Good morning. My enormous gratitude goes to the people of the National Cathedral for their hospitality and generosity in allowing me to speak this morning. And it also goes to the Episcopal Diocese of Washington, who at their convention on January 30, approved a resolution on addressing the antisemitic impact of lectionary readings for Holy Week. It is an honor to be with you and it is a blessing to know that you are attending to the lectionary because there’s much work to be done. The lectionary this morning includes Exodus 20, a version of the 10 commandments, the decalogue, one of the centerpieces of what the church calls the Old Testament and we Jews call the Tanakh. It includes Psalm 19, which proclaims, “The law of the Lord is perfect, reviving the soul. The decrees of the Lord are sure, making wise the simple. The precepts of the Lord are right, rejoicing the heart. The commandment of the Lord is clear, enlightening the eyes.

Psalm 19 has a special role in the Jewish tradition. We Jews recite it’s last first, “Let the words of my mouth and the meditations of my heart to be acceptable to you, oh Lord, my rock and my Redeemer,” at the conclusion of the Amitabh prayer. And we recite the entire song, every Shabbos, that is every Sabbath morning. This celebration of the mitzvah, the commandments that guide our paths, harness our evil inclinations and make us a covenant community, finds natural analogies in the New Testament. Numerous passages compliments Exodus 20 and Psalm 19. The gospel reading to compliment the decalogue could have been the section in the Sermon on the Mount where Jesus says, “Do not think that I have come to abolish the law. I have not come to abolish, but to fulfill.”

It could have been the section of the sermon traditionally called the antitheses, the teachings where Jesus begins, “You have heard it said,” and adds, “But I say to you.”

These are not antitheses. These are extensions. When Jesus says, “You have heard that it was said to those of ancient times, you shall not murder,” one of the 10 commandments and, “Whoever murder shall be liable to judgment,” an antithesis would be, but I say to you lock load and take out as many as your automatic weapon permitted to you by the second amendment, but not by the Bible allows. Jesus does not abrogate the commandments. He extends them. But I say to you, if you are angry with a brother or sister, you will be liable to judgment. And if you insult a brother or sister, you will be liable to the council. And if you say you fool, you will be liable to the hell of fire. This is what rabbinic Judaism calls building defense about the Torah.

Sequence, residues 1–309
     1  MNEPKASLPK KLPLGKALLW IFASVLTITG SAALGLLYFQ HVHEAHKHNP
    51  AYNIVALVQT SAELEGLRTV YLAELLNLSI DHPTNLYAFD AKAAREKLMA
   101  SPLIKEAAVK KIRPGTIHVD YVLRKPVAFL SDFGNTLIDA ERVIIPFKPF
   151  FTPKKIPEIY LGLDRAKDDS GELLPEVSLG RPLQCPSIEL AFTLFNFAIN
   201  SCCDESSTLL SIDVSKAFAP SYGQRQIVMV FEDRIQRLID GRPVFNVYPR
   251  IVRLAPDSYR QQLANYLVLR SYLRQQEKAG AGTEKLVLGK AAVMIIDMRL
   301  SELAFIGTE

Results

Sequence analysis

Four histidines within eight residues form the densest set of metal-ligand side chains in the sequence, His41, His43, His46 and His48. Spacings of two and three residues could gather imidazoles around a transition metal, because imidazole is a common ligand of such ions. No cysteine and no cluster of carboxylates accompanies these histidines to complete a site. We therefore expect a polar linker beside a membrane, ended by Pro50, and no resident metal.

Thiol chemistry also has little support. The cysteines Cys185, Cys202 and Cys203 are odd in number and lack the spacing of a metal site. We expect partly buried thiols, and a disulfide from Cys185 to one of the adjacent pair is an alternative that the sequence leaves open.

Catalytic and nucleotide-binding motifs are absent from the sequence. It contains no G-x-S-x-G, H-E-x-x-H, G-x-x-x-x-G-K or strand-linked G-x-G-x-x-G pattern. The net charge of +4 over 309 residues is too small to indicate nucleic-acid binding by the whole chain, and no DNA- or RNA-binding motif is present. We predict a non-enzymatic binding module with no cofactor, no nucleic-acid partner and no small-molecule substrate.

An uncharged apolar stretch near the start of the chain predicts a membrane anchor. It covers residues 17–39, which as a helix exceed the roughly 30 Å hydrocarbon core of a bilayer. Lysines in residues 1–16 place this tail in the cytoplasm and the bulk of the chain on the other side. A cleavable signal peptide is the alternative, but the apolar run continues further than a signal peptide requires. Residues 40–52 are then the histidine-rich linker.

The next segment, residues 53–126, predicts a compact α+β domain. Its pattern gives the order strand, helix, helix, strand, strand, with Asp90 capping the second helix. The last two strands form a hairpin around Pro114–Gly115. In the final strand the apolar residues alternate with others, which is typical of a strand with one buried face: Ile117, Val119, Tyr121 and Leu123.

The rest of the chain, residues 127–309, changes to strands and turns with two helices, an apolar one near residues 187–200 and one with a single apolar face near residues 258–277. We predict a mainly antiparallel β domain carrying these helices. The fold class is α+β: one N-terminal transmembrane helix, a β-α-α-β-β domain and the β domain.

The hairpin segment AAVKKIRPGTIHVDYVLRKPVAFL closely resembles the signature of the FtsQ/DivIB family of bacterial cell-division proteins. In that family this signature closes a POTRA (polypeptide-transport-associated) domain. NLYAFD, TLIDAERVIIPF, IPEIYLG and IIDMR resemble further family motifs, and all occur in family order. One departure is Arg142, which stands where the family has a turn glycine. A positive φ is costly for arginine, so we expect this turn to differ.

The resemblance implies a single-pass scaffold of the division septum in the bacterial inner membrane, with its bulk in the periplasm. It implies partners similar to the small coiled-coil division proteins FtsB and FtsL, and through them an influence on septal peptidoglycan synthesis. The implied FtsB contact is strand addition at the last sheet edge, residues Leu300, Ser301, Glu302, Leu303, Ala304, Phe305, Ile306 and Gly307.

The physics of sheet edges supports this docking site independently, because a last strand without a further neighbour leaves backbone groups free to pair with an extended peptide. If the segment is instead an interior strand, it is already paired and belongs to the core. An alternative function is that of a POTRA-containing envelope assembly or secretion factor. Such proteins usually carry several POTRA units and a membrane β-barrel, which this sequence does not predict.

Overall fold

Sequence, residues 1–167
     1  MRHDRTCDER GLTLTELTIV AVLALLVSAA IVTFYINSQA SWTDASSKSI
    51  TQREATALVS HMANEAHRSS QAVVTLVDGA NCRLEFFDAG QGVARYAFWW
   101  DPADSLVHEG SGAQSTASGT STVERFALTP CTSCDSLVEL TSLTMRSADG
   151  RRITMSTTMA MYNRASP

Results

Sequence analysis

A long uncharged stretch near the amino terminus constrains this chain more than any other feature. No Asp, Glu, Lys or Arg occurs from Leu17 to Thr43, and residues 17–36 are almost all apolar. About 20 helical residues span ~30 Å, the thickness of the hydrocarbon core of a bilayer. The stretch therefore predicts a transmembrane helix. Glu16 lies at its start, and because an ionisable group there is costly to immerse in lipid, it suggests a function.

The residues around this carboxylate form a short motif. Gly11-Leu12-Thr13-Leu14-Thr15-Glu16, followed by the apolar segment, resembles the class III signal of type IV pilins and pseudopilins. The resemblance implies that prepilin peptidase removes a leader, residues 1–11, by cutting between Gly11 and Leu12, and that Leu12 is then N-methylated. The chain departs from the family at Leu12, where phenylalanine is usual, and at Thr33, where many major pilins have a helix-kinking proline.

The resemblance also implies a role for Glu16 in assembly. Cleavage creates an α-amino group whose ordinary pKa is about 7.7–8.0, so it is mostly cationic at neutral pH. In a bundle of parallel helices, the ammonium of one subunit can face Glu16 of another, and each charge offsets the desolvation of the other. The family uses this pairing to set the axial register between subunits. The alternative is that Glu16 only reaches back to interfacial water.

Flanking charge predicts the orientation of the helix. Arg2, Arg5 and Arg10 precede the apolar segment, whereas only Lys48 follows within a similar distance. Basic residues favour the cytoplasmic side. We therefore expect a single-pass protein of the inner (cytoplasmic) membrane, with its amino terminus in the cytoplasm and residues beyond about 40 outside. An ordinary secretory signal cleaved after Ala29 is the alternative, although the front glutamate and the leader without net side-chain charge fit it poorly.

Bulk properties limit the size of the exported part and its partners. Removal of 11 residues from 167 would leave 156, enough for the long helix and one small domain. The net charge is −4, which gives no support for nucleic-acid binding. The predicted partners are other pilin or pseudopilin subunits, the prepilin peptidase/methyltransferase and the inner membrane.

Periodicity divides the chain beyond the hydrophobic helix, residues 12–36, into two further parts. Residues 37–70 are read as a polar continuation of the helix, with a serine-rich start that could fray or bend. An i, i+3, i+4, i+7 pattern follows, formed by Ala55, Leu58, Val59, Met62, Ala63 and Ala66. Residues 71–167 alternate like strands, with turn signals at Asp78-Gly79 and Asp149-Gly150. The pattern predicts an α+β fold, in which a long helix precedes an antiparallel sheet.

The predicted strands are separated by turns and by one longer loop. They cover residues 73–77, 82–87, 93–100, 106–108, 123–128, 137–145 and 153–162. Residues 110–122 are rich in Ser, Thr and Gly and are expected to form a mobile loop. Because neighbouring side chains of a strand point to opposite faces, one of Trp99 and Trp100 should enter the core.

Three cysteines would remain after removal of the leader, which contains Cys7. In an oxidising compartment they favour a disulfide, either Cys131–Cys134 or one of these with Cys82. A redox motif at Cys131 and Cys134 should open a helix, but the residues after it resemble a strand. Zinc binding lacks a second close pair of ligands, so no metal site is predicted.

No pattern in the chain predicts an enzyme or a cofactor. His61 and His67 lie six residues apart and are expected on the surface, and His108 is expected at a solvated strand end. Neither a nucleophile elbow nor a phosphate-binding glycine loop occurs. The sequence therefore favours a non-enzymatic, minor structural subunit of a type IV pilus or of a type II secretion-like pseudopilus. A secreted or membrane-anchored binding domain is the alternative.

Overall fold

We protect the commandments by baking new laws, to ensure that we do not violate the primary ones. Similarly to the commandment, you shall not commit adultery, Jesus tells his followers that even thinking about it is tantamount to doing it. And after forbidding this thinking, he provides the verbal equivalent of a cold shower. If your right eye causes you to sin, tear it out and throw it away, it’s better for you to lose one of your members than for your whole body to be thrown into hell. For those thinking that Jesus does away with that eye for an eye statement, and so replaces Old Testament, retributive violence with New Testament, distributive justice, again, wrong. No one in ancient Israel carries out the eye for an eye statement and rabbinic Judaism says it cannot be carried out literally. Rather, it’s a legal principle that says in the case of physical mutilation, if you lose an eye oral limb, the victim should receive some sort of compensation.

When Jesus says, “You have heard it said an eye for an eye, but I say to you, anyone who strikes you on the right cheek, turned him to the other,” he’s not opposing Torah. He’s changing the subject. There’s a huge difference between losing a limb and getting a backhand slap meant to humiliate, rather than to do damage. Jesus observed the 10 commandments and the other 603 commandments as Jews, traditionally number them, and he taught his followers to do the same. In Mark chapter 10, he tells a would be discipled, you know, the commandments, you shall not murder, you shall not commit adultery, you shall not steal, you shall not bear false witness, and so on. He debated fellow Jews on how to observe the mitzvah, the commandments, since Torah does not come with an instruction manual. And in many cases, as we’ve seen, he makes the law more, rather than less, stringent.